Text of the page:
Organizations that want to leverage AI at scale must overcome a number of challenges around model training and model inferencing. Today, there are a plethora of tools and frameworks that accelerate model training but inferencing remains a tough nut due to the variety of environments that models need to run in. For example, the same AI model might need be inferenced on cloud GPUs as well as desktop CPUs and even edge devices. Optimizing a single model for so many different environments takes time, let alone hundreds or thousands of models.
In this blog post, we’ll show you how Microsoft tackled this challenge internally and how you can leverage the latest version of the same technology.
What is ONNX Runtime?
At Microsoft we tackled our inferencing challenge by creating ONNX Runtime. Based on the ONNX model format we co-developed with Facebook, ONNX Runtime is a single inference engine that’s highly performant for multiple platforms and hardware. Using it is simple:
- Train a model with any popular framework such as TensorFlow and PyTorch
- Export or convert the model to ONNX format
- Inference efficiently across multiple platforms and hardware (Windows, Linux, and Mac on both CPUs and GPUs) with ONNX Runtime
Today, ONNX Runtime is used in millions of Windows devices and powers core models across Office, Bing, and Azure where an average of 2x performance gains have been seen. Here are a few examples:
- With ONNX Runtime, the Office team saw a 14.6x reduction in latency for a grammar checking model that handles thousands of queries per minute
- Azure Cognitive Services saw a 3.5x reduction in latency for an optical character recognition (OCR) model
- Bing QnA saw a 2.8x reduction in latency for a model that generates answers to questions
- Bing Visual Search saw a 2x reduction in latency for a model that helps identify similar images
Having seen significant gains internally, we open sourced ONNX Runtime in December 2018. We also began working with leading hardware partners to integrate their technology into ONNX Runtime to achieve even greater performance.
ONNX Runtime 0.4 – integration with Intel and NVIDIA accelerators
6 months after open sourcing, we are excited to release ONNX Runtime 0.4, which includes the general availability of the NVIDIA TensorRT execution provider and public preview of Intel nGraph execution provider. With this release, ONNX models can be executed on GPUs and CPUs while leveraging the respective neural network acceleration capabilities on these platforms. Developers can write their application once using the ONNX Runtime APIs and choose the specific ONNX Runtime base container image to build their deployment image for the targeted hardware. Microsoft will publish pre-built Docker base images for developers to integrate with their ONNX model and application code and deploy in Azure Kubernetes Service (AKS). This gives developers the freedom to choose amongst different hardware platforms for their inferencing environment.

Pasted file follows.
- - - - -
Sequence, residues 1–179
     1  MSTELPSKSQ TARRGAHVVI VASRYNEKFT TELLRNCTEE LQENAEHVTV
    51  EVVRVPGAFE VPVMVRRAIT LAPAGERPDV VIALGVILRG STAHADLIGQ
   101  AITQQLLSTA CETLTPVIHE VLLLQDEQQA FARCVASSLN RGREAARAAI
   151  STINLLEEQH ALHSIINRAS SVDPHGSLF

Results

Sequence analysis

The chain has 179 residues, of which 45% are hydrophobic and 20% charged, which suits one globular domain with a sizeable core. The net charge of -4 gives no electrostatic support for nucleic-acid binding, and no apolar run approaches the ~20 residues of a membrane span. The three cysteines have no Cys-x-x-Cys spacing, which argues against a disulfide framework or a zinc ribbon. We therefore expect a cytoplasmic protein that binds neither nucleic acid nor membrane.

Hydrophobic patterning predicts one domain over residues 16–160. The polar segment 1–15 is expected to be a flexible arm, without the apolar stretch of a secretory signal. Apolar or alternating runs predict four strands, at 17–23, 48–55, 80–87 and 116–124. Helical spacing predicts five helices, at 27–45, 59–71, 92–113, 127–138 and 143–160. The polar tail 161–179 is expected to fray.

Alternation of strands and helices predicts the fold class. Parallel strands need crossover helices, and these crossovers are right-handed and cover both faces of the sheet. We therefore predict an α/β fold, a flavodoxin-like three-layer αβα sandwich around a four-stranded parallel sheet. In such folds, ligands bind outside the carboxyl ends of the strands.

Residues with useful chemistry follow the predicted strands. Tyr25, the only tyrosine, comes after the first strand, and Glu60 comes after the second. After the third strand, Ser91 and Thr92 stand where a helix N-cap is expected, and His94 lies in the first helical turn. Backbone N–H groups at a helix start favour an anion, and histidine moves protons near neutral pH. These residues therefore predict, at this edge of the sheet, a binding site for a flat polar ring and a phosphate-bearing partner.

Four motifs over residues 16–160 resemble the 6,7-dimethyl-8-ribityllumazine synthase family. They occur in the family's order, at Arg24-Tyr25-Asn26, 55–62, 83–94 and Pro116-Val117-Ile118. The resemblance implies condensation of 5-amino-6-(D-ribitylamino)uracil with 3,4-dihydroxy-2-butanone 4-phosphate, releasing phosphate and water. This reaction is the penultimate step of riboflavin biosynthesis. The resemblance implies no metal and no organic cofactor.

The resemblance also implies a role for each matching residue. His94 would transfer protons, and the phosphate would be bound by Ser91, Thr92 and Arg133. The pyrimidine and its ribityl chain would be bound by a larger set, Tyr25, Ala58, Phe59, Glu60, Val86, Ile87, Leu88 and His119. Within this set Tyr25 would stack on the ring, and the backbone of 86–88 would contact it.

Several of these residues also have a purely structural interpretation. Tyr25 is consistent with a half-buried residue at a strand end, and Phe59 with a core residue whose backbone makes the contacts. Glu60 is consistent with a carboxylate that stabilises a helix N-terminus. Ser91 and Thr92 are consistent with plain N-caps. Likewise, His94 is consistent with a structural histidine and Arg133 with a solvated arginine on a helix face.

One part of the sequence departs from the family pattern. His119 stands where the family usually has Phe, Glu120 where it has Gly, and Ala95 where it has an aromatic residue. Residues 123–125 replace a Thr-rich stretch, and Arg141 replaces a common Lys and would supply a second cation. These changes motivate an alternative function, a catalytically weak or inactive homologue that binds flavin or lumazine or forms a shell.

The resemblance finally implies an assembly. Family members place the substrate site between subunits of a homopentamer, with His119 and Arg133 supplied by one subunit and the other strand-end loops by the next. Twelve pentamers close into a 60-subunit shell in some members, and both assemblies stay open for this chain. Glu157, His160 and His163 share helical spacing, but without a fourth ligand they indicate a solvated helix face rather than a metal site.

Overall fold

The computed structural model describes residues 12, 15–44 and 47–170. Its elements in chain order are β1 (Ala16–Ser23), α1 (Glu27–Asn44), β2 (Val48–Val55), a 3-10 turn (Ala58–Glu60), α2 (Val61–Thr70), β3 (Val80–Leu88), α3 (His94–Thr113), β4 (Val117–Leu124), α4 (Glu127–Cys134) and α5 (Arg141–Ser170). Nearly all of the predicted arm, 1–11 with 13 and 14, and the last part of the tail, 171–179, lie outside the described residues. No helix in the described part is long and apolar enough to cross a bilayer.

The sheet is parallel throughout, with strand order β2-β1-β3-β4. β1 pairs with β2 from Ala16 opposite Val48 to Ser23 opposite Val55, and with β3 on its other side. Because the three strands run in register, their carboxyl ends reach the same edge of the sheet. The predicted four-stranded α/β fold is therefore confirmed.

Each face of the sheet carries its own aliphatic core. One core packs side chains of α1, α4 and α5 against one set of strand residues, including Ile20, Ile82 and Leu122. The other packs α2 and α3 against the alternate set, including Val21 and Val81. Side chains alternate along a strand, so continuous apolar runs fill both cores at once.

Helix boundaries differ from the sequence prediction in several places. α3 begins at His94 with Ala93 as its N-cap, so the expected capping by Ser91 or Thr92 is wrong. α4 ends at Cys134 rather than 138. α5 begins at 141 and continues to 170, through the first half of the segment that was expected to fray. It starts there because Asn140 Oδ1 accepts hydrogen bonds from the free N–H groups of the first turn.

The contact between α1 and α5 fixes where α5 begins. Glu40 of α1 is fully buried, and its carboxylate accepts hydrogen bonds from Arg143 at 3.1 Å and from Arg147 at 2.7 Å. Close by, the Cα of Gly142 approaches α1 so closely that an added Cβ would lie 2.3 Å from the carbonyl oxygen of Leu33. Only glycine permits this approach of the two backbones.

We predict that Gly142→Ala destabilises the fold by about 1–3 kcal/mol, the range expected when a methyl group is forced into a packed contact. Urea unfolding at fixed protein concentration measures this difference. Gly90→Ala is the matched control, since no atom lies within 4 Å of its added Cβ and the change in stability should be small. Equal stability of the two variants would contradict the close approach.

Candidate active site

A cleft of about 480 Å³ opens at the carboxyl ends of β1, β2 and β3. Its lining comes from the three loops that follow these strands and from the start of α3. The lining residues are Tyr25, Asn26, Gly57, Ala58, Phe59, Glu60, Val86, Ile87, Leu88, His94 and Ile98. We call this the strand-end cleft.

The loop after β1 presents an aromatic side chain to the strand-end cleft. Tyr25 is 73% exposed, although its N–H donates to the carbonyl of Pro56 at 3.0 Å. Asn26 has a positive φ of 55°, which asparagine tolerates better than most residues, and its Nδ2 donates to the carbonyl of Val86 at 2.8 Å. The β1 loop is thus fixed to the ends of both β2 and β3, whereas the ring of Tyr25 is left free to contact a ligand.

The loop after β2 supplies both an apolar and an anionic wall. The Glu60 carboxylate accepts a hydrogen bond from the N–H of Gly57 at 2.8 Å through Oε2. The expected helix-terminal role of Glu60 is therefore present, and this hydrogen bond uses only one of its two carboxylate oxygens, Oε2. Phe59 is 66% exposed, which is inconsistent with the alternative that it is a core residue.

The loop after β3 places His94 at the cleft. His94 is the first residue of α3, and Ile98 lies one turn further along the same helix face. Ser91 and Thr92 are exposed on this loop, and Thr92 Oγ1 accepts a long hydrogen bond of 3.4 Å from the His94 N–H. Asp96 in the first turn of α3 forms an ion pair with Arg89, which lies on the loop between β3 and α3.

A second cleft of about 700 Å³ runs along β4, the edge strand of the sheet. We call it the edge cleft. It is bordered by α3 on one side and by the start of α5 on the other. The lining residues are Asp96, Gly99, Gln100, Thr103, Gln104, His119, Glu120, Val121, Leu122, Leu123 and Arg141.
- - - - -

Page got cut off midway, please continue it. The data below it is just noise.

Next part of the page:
In addition, ONNX Runtime 0.4 is fully compatible with ONNX 1.5 and backwards compatible with previous versions, making it the most complete inference engine available for ONNX models. With newly added operators in ONNX 1.5, ONNX Runtime can now run important object detection models such as YOLO v3 and SSD (available in the ONNX Model Zoo).
Get started now
To enable easy use of ONNX Runtime with these execution providers, we are releasing Jupyter Notebooks tutorials to help developers get started. This notebook uses the FER+ emotion detection model from the ONNX Model Zoo to build a container image using the ONNX Runtime base image for TensorRT. Then this image is deployed in AKS using Azure Machine Learning service to execute the inferencing within a container.
The release of ONNX Runtime 0.4 with execution providers for Intel and NVIDIA accelerators marks another milestone in our venture to create an open ecosystem for AI. We will continue to work with hardware partners to integrate their latest technology into ONNX Runtime to make it the most complete inference engine. Specifically, we are working on optimizations to target mobile and IOT edge devices, as well as supporting new hardware categories such as FPGAs. For instance, we are releasing a private preview of the Intel OpenVINO execution provider, allowing ONNX models to be executed across Intel CPUs, integrated GPUs, FPGAs and VPUs for edge scenarios. Public preview of this execution provider will be coming soon. Ultimately, our goal is to make it easier for developers using any framework to achieve high performance inferencing on any hardware.